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Joe Wentrup

I opt for A. To create awareness you have to be in the media - and recent arctic records have always been measured and have raised attention in terms of "first year in history".

Aaron Lewis

There was a time when continuous and competent Arctic sea ice separated the Arctic atmosphere from the Arctic ocean. From continent to continent, the atmosphere was cold and dry, allowing heat to radiate off freely. Greenland was also cold and dry.

Now, the diminished and cracked sea ice allows water vapor (latent heat) to move into the Arctic atmosphere. This reduces the amount of heat radiated off, so that heat from the Arctic Ocean is trapped. A warmer Arctic means that latent heat from the south is not condensed and radiated off.

Water vapor in the Arctic atmosphere changes the density of the air, impacting global atmospheric circulation patterns.

Loss of sea ice is long process of partition and equilibrium. The effects began when ice began to diminish and crack, allowing water vapor into the atmosphere. Increasing water water vapor in the Arctic atmosphere changes our weather. Today most our infrastructure was designed using engineering standards based on the climate of 50 years ago. Cracks in ice affect people, NOW.

Some horses can get out of a barn if the barn door is closed, but not latched. Measuring whether the barn door is 12 feet open or a full 16' open does not really tell you much whether your animals can get out of the barn. At this point the Arctic barn door (ice separating air and water) is open enough that all the “weather animals” can come and go as they please. As a result, for the last few years we have seen weather patterns never before seen, and which were not included in our engineering basis of design. The 4 options are about measuring the width of the barn door opening as the horses come and goes.

The important question about sea ice is, “Can water vapor move from the ocean to the atmosphere?” At this point, the ice is both diminished and fractured, and water vapor can move from the Arctic Ocean into the Arctic Atmosphere. AGW unlatched the Arctic Barn Door at least 20 years ago.

More water vapor in the Arctic atmosphere means more precipitation on Greenland. In 1970, rain on Greenland was almost unknown. Starting in 2002, I tracked rain on Greenland for for 60 consecutive months, and rain was reported somewhere on Greenland every month. If it is raining, then there is water vapor in the air, and water vapor melts ice.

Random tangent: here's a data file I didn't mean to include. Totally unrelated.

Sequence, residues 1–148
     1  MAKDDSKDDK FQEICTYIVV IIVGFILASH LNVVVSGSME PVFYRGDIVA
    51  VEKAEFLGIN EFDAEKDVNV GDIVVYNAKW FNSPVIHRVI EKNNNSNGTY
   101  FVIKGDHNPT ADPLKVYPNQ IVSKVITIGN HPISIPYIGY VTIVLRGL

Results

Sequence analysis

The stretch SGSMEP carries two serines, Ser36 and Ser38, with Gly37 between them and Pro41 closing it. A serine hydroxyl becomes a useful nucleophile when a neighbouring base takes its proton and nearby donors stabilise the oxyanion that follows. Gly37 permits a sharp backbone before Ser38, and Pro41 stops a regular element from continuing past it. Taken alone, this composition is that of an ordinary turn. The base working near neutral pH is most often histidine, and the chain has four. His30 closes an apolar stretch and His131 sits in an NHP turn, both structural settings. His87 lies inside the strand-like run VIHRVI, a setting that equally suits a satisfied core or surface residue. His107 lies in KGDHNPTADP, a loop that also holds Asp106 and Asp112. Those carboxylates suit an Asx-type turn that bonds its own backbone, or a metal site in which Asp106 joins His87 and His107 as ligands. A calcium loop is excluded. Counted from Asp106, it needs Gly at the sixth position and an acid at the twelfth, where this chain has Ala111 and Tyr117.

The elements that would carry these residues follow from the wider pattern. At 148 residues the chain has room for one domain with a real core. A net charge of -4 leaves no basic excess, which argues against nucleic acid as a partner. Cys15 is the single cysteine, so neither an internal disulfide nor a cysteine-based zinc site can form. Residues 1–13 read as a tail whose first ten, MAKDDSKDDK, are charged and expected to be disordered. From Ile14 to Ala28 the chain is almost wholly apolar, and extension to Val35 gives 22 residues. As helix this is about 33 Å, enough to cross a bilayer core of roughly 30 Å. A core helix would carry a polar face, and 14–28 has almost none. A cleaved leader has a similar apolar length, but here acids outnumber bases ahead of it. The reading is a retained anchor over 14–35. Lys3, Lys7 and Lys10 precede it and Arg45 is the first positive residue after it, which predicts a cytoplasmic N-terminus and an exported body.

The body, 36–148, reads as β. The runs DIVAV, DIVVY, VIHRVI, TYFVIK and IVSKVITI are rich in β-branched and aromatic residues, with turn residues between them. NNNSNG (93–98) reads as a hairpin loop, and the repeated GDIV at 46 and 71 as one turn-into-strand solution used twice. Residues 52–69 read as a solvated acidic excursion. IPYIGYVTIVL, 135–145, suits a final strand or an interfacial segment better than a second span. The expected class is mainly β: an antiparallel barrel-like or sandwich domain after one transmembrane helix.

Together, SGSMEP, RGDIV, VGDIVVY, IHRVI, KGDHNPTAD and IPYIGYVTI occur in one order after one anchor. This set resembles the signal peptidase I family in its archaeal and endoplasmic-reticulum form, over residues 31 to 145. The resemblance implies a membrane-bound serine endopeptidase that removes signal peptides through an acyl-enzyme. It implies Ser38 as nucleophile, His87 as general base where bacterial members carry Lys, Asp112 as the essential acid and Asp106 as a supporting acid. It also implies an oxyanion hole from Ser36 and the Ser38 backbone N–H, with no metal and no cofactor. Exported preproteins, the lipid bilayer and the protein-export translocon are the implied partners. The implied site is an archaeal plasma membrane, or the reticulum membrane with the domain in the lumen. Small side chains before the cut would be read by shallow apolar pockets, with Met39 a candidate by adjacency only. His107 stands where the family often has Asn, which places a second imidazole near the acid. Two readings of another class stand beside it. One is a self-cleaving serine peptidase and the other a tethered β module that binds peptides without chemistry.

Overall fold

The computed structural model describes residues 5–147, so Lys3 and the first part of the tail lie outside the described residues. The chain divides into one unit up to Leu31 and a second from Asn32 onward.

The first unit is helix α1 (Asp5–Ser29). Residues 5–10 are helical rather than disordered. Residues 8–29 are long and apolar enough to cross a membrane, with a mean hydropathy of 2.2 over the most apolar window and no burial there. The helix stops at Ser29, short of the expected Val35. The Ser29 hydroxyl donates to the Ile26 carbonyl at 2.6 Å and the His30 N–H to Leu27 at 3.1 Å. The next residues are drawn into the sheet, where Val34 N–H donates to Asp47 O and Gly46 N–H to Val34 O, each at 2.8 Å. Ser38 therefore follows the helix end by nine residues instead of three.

Long story, short: There is excellent observational evidence that loss of sea ice competence affects GL melt. A fractured tea cup is not a “tea cup”, and fractured sea ice does not behave as traditional competent sea ice.


Nice commentary, Aaron.

I think you've also put your finger on a key point: Our civil engineering and domestic architecture was designed for the climate of 50 years ago, not what is evolving.

We can see the consequences of that in many of this winter's weather events across the US, Britain and elsewhere.

I think coping with it will be a huge, previously unforeseen problem. The cost of infrastructure changes required will be enormous.


@ arron,

You say, '...water vapor melts ice.'

Is this what we should ultimately be worried about?

Chris Reynolds

Aaron, Neven,

Hanna 2012 "Increased Runoff from Melt from the Greenland Ice Sheet: A Response to
Global Warming"

That finds that Greenland run off is mainly dominated by the intensity of the Greenland Blocking index and resultant high pressure -> clear skies -> increased surface insolation. This has been particularly strong since 2007.

This intensity in GBI since 2007 has been a result of increased Arctic Dipole anomaly in the summer. The Arctic Dipole has a role in wider weather impacts. e.g. European summer rainfall.